Welcome to Derek Bodner’s Sixers Mailbag. You can check out his previous installments of the mailbag.

Each week Derek will answer reader questions and tweets and will appear on the Sports Bash with Mike Gill to answer your questions.

If you want to submit a question for next week, either hit me up on twitter (include #sixersmailbag in the tweet) or send me an email.

In this week’s edition of the Sixers Mailbag, Derek answers your questions about the upcoming 2015 NBA draft, including Karl-Anthony Towns, Mario Hezonja, D'Angelo Russell, Kristaps Porzingis, and more.

Here are this week’s mailbag questions:


Q: There's been a lot of talk about the Sixers and D'Angelo Russell. Being an Ohio State fan, I watched a fair amount of him this season. My big question to you - do his performances against Louisville, UNC, Arizona, Wisconsin, and to a lesser extent Iowa/MSU concern you? He was really limited in many of those games (particularly Arizona), which were against the toughest competition he faced and had the best athletes he saw all season. Do you think this is a warning sign of things to come at the NBA level, or do you think it was just a result of him being *the* offensive gameplan for Ohio State and opposing teams focusing in on him?

I'm surprised it's not talked about more, to be honest. There was this narrative after the Arizona game that it was an isolated incident and that you shouldn't read too much into one game, but it wasn't an isolated incident.

Ohio State had a comically weak out of conference schedule, ranked 328th in the nation according to Ken Pomeroy, featuring games against powerhouses such as University of Massachusetts Lowell, Sacred Heart, Campbell, James Madison, Miami of Ohio, Wright State, Colgate, and North Carolina Agricultural and Technical State University. When the "strong" games of your non-conference schedule include Morehead State, you coasted a bit.

And Russell absolutely feasted on that weaker competition. In 18 games against defenses ranked outside of the top-100, Ohio State went 16-2, with Russell averaging 20.8 points per game, shooting an incredible 52.2% from the field, including 47.4% from 3, while having a 2-to-1 assist-to-turnover ratio (5.6 assists to 2.8 turnovers).

Those numbers plummeted against top-100 defenses, where Ohio State went just 8-9 on the season. Russell averaged 17.7 points per game in those games, but shot just 38% from the field, including 34.7% from three. He averaged 3 turnovers to only 4.4 assists in those games.

Part of it, as you said, is team construct, as really good defenses can zero in on a great player if he doesn't have any help around him. Still, that drop is at least a little bit alarming, especially the staggering drop in 2 point field goal percentage, which fell from 56.4% against defenses outside of the top-100 all the way down to 40.4% against top-100 defenses. Having gone back and watched many of these games a second time, I thought he really struggled to generate high quality looks inside the arc against better competition, and Russell becoming one-dimensional on offense isn't the outcome you want.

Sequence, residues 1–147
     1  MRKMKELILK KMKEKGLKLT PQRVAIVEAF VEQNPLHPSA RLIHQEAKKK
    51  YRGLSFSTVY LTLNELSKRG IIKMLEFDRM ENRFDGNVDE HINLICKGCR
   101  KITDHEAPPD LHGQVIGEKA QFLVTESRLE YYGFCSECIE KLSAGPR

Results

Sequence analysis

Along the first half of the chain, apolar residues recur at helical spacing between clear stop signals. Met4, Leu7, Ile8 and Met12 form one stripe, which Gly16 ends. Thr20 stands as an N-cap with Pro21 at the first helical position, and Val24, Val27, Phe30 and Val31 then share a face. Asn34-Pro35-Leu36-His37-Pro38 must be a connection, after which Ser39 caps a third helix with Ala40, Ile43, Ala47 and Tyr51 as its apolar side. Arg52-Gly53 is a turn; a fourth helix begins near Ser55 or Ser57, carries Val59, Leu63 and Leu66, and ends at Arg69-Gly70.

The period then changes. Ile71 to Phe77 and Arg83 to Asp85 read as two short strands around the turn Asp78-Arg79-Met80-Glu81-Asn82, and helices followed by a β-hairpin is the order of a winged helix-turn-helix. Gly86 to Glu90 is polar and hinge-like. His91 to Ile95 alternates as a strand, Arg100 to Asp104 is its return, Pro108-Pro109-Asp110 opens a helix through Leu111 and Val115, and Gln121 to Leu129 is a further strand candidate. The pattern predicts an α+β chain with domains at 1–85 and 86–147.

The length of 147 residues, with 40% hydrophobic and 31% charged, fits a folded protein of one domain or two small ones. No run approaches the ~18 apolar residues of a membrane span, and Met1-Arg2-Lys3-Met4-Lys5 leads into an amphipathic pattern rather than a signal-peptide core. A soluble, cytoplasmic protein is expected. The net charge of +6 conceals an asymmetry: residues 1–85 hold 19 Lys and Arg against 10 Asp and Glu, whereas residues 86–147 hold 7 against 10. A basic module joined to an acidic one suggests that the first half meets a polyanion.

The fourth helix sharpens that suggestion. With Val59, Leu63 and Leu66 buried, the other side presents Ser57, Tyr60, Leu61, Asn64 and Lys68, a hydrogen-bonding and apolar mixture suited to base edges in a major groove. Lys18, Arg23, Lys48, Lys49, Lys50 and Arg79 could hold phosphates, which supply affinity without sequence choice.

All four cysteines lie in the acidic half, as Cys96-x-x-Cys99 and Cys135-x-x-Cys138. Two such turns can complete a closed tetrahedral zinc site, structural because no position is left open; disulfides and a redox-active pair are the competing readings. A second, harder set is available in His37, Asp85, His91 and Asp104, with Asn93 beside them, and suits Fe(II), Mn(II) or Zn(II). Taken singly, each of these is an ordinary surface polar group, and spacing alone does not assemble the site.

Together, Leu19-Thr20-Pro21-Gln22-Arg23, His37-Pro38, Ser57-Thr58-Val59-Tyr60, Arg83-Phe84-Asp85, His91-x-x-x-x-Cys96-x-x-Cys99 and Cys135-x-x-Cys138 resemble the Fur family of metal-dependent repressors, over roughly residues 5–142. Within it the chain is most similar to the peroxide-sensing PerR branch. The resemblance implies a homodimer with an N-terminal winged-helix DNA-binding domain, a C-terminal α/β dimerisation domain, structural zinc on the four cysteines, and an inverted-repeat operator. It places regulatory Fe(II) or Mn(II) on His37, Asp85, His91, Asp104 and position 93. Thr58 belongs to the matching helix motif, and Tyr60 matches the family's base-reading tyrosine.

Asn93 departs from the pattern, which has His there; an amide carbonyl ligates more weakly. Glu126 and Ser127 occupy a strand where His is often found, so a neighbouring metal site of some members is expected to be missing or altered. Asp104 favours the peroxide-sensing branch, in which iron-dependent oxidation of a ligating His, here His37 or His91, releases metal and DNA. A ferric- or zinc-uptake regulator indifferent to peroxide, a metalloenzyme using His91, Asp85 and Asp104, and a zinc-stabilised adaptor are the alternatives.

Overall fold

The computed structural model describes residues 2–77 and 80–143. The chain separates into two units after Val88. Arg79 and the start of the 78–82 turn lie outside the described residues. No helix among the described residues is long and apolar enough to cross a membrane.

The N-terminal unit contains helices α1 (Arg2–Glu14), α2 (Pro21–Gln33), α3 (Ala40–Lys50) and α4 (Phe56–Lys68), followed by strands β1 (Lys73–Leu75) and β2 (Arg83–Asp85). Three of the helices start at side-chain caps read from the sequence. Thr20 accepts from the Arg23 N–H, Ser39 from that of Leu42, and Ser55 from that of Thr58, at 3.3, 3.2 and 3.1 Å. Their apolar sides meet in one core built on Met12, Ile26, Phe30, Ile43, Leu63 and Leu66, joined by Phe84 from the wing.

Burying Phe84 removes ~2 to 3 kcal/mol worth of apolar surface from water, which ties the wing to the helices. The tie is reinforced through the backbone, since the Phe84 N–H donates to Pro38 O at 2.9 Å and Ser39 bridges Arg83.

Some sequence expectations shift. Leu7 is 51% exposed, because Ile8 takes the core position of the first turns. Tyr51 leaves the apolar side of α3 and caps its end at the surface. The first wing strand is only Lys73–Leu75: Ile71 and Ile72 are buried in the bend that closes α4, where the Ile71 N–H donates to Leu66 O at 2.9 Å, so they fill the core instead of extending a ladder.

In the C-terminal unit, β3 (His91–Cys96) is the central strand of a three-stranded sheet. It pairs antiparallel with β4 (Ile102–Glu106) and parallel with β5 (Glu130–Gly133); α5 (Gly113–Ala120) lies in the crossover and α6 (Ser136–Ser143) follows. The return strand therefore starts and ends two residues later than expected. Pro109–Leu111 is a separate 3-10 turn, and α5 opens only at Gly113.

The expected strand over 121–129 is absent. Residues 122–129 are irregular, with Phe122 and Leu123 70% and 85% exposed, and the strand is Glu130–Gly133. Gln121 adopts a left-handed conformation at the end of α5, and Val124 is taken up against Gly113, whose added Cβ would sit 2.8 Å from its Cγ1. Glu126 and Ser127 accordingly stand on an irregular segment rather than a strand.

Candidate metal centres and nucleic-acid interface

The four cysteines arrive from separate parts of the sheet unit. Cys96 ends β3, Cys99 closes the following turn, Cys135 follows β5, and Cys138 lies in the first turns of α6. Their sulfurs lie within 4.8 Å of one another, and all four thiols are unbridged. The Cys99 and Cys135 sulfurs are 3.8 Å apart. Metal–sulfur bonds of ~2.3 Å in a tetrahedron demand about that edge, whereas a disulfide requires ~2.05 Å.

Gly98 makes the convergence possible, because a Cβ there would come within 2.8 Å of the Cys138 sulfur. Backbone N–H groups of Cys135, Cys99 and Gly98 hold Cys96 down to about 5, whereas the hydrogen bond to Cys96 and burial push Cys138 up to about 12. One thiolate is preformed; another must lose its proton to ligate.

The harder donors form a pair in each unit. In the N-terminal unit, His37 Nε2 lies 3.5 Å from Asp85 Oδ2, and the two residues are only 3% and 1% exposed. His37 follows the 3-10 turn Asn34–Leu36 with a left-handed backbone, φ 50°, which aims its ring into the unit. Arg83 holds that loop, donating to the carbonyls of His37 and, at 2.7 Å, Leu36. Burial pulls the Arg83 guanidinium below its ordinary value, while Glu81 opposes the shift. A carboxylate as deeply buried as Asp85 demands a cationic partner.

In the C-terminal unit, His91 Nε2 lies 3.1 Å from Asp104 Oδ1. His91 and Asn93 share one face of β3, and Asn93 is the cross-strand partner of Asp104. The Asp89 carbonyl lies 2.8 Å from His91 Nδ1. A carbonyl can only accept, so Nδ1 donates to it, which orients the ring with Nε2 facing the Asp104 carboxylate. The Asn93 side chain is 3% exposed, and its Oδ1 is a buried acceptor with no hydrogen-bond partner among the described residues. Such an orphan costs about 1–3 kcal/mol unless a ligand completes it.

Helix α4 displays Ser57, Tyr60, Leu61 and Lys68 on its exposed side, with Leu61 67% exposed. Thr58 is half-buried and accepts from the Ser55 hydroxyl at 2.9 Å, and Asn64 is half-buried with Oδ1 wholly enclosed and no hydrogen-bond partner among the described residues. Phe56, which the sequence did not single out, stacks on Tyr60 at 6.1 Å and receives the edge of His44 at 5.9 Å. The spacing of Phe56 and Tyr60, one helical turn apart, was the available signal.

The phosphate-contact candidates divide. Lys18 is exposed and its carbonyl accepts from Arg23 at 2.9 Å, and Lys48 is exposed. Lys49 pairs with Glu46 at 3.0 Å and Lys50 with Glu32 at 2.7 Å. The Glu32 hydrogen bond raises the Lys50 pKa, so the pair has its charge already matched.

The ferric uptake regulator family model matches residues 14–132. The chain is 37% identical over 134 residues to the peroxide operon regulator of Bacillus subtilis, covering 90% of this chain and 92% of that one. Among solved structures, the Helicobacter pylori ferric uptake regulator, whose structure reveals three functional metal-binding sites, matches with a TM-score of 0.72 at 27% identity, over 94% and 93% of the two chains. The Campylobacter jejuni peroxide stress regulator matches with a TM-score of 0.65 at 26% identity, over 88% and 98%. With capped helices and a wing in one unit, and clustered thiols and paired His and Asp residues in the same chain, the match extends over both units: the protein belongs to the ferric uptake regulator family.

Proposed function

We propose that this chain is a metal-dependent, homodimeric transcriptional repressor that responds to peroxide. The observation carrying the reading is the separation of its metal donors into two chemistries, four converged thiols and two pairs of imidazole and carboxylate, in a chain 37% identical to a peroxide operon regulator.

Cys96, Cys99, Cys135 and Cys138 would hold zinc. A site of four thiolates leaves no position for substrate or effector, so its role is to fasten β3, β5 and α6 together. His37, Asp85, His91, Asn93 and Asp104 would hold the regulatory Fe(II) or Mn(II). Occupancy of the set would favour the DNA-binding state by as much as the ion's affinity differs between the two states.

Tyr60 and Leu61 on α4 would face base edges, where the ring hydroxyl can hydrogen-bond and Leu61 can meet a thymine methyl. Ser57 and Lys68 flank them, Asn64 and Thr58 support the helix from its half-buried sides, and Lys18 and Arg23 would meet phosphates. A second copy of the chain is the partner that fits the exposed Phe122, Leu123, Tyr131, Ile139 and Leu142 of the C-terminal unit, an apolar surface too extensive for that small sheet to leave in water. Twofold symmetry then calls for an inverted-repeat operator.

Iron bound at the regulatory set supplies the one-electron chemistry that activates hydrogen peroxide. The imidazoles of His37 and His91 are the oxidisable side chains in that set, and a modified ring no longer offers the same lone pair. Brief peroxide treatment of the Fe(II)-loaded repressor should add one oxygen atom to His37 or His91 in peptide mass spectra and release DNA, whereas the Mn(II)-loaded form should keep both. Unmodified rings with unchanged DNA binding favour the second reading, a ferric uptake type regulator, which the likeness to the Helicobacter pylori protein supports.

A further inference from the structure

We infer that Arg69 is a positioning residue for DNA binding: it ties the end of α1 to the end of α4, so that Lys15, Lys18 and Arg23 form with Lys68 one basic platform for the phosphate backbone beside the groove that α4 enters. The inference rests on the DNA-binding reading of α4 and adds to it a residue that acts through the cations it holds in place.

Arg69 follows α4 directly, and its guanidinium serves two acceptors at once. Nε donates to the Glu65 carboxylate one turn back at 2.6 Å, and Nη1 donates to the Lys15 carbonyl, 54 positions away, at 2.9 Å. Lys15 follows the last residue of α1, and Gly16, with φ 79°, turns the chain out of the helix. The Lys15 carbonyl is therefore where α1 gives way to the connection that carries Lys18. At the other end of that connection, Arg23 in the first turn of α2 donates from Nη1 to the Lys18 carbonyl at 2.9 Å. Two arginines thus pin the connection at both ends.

That's not to say Russell isn't an incredible prospect, and a great fit for the Sixers. I still have him at #3 on my Big Board. But he's frequently been characterized as a low-risk prospect, and often compared to James Harden. I don't like that comparison at all (it's hard to compare a guy with a 30% free throw rate to one who had a 60% free throw rate his freshman season), and I think Russell is a little bit more risky than many do. Those performances don't condemn him in my eyes, but I also don't overlook them, either.

Worth the risk, but I do think there's some risk there.


Q: Have you seen Ben Simmons? The type of player that makes you want to agree with Hinkie's asset acquisition model. I wouldn't mind going super tank mode for him. Agree? Disagree? Your evaluation of Simmons?

I don't generally scout the high school game extensively. I'll watch the televised games and go to a few tournaments per year, but between college scouting and my Sixers coverage, high school is the part that suffers the most. So I don't want to present myself as an expert in this field.

I have seen Simmons a couple of times. I think Hinkie and Brown would love to build this team around 5 guys capable of making quick, decisive, and smart decisions with the ball. If you really want to play an up-tempo game and an offense based around ball movement, that's a must, and Simmons is a potentially great fit in that equation.

Problem is, I don't see the Sixers being that bad next year. I think Hinkie might be more interested in making major moves this offseason than others assume, but I think there's a very real chance he might not have the opportunity to.

Even if they don't make any substantial moves, though, I think this team wins between 25 and 30 games next year,  just based off of the addition of Embiid, the 2015 pick, and the continued development of Noel and the other young guys. I would be surprised if they're in position to pick top-3 again next year.

Now, perhaps Hinkie is able to package something with his pick or the Lakers pick to move up, and that's certainly in play. But I don't think super tank mode is really in play, at least if the Sixers are remotely healthy.


Q: Do you think there is any way the Sixers could package any of the picks they are owed next year (OKC, Miami, and LA) and be able to move up high enough to draft both Mudiay and Russell using their own pick and the one they just acquired?